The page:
Job 32 -34
At this point in the story I’d imagine there was a bit of a pause, Job had made his case ans the Eliphaz; Bildad and Zophar were left with little in response. So the young man Elihu, who is often put forward as a possible author to the book, decides it’s time for the old men to learn something from the youth.
A criticism that has come up a few times by those who’ve read further is that we know the three friends are saying a lot of wrong stuff, but since much of what they saying is found in Christian doctrine today, how do we know which stuff is wrong? Elihu doesn’t offer an enormous amount of help here, he simply points out that they’d failed to answer Job. Thus, if we were to stop here, one might conclude that nothing they’d said was false they’d just said the wrong truths, but as we proceed over the next few days, we’ll see this is not the case.
Elihu’s gripe against Job is often said to be that Job justifies himself and not God. Which seems to really hit the nail on the head. What was perhaps not so obvious when reading Job’s statements becomes reasonably easy to pick up in the context Elihu puts it. While I have pointed out that people in the Bible successfully questioned God, Elihu makes an interesting point: we should not contend with God. To contend would be to argue. It seems to imply a trying to win situation, rather than a getting at the truth situation. Thus Job’s self righteous statements and the fact that he blamed God for what was happening, is perhaps where he went wrong, he justified his position, he didn’t focus on God’s position (initially he did: Job 1:21).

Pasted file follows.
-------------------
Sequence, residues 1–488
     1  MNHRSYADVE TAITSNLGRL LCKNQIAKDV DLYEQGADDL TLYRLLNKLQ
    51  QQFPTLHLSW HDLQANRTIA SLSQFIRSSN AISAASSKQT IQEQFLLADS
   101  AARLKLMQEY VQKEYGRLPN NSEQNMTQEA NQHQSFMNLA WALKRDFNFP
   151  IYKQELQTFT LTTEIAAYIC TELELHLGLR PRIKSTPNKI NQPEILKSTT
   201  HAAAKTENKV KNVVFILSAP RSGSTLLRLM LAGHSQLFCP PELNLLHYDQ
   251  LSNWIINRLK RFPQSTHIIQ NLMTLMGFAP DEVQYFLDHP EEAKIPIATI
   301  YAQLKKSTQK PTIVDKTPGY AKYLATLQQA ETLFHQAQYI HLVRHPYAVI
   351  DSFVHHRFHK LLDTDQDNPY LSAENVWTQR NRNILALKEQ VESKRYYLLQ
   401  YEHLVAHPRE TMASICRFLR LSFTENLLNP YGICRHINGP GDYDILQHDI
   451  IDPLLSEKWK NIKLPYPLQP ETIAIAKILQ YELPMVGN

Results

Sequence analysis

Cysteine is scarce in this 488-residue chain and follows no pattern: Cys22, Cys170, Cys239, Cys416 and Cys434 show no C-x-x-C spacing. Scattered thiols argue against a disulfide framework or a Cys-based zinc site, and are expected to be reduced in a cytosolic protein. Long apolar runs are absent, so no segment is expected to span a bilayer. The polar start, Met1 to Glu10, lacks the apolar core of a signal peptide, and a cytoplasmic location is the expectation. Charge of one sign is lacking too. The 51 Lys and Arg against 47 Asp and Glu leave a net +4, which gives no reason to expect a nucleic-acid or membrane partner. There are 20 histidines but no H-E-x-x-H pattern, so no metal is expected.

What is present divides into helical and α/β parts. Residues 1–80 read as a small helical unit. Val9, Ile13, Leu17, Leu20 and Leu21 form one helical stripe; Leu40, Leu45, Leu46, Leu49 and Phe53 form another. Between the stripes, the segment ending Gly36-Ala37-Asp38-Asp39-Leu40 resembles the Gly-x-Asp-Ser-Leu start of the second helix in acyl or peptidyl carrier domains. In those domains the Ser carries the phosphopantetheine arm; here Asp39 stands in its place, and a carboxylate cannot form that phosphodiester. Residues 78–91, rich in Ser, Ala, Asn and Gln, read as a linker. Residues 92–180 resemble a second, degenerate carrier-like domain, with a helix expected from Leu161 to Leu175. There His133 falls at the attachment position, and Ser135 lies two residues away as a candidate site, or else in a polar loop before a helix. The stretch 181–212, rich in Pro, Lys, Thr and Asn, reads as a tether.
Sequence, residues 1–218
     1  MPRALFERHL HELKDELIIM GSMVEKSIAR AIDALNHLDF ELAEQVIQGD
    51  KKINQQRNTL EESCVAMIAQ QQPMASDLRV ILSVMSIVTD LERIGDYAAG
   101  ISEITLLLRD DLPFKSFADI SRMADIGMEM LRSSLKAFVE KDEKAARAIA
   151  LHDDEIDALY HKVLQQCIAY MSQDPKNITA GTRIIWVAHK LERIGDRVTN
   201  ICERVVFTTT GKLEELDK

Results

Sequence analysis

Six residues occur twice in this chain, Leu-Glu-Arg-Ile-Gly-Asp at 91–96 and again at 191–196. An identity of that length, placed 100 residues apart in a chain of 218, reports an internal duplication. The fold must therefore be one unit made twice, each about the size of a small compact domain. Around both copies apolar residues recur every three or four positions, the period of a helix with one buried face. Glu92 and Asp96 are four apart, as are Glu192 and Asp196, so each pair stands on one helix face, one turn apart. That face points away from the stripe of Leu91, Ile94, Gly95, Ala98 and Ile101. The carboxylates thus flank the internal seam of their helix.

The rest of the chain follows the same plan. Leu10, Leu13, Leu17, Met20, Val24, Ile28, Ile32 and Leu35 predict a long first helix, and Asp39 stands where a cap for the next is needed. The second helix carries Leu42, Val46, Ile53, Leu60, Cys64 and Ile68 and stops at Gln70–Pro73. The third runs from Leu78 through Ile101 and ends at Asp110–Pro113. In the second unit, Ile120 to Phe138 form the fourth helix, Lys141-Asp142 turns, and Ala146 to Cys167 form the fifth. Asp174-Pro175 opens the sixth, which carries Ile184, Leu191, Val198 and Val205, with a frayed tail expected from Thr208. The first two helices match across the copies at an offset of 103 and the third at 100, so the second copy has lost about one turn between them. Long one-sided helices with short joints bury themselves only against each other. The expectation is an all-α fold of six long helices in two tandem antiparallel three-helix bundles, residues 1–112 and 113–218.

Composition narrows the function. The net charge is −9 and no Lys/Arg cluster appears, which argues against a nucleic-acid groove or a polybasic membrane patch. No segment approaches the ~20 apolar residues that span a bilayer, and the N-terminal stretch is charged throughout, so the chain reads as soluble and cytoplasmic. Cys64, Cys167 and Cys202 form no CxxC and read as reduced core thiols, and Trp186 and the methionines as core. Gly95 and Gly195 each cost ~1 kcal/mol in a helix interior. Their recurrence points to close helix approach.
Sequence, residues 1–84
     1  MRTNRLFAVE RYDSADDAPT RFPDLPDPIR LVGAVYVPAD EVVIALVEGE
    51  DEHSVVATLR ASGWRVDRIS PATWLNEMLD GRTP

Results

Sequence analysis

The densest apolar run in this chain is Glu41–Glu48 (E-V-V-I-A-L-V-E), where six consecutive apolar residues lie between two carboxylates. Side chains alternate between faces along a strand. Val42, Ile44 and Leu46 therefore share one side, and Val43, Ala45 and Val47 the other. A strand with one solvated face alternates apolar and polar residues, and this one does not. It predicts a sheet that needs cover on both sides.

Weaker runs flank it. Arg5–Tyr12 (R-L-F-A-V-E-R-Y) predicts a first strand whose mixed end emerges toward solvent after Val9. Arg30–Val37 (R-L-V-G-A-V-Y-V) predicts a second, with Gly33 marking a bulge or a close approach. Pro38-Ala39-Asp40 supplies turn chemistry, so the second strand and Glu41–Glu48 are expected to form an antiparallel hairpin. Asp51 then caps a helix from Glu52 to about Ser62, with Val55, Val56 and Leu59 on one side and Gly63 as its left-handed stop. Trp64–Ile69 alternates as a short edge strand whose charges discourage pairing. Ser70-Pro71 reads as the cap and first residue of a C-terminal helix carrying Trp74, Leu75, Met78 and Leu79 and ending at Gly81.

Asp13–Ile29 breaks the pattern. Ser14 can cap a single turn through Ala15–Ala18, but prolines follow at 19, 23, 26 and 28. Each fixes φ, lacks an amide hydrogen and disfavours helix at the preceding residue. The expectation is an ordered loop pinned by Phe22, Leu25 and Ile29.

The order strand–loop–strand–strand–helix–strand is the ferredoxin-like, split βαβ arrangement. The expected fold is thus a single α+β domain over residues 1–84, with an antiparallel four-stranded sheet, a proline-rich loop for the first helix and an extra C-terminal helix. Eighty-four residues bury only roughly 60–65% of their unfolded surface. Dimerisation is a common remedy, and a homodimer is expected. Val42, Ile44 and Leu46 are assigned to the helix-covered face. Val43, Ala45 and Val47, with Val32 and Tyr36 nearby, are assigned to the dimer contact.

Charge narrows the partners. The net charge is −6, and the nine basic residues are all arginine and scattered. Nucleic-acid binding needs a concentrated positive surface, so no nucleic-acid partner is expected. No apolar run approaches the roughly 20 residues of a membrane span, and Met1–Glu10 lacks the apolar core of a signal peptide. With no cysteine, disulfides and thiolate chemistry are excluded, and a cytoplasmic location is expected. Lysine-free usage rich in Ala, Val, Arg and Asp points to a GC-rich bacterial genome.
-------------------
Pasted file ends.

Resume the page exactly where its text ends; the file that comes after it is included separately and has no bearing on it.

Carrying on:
At the end of chapter 33 Elihu says he’ll teach Job wisdom. At the beginning of chapter 34, he calls the company “wise men” and adds that they have knowledge. This again is interesting since Elihu kept quiet so the older more learned men could speak, but they had failed. While they had more years, and likely more opportunity to fill their heads with facts (knowledge), the thing they seemed to lack was wisdom and understanding, something it appears Elihu actually did have.
Job 34:10-15 has Elihu’s God does only good speech. Which is significant from a Christian perspective, since is talks of God repaying for people’s works. This is significant for a couple of reasons. Firstly, Christians believe in just deserts in the afterlife (there are some exceptions), so the fact that we often see some of the wickedest people prosper, we still hold firm to a reward that is “not of this world.” Secondly, it’s significant because that reward (Heaven) is not based on doing good stuff, it’s based on surrender to the saving grace of Christ through faith. This is where things get murky, since anyone who has read James would have a few problems here. What it seems, though, is that while we’re saved by grace, and surrendering to that grace should yield a better person, people are still judged by their works at final judgement. It’s Christ’s grace that erases those sins among committed Christians, thus allowing those to withstand judgement.
What do you think?
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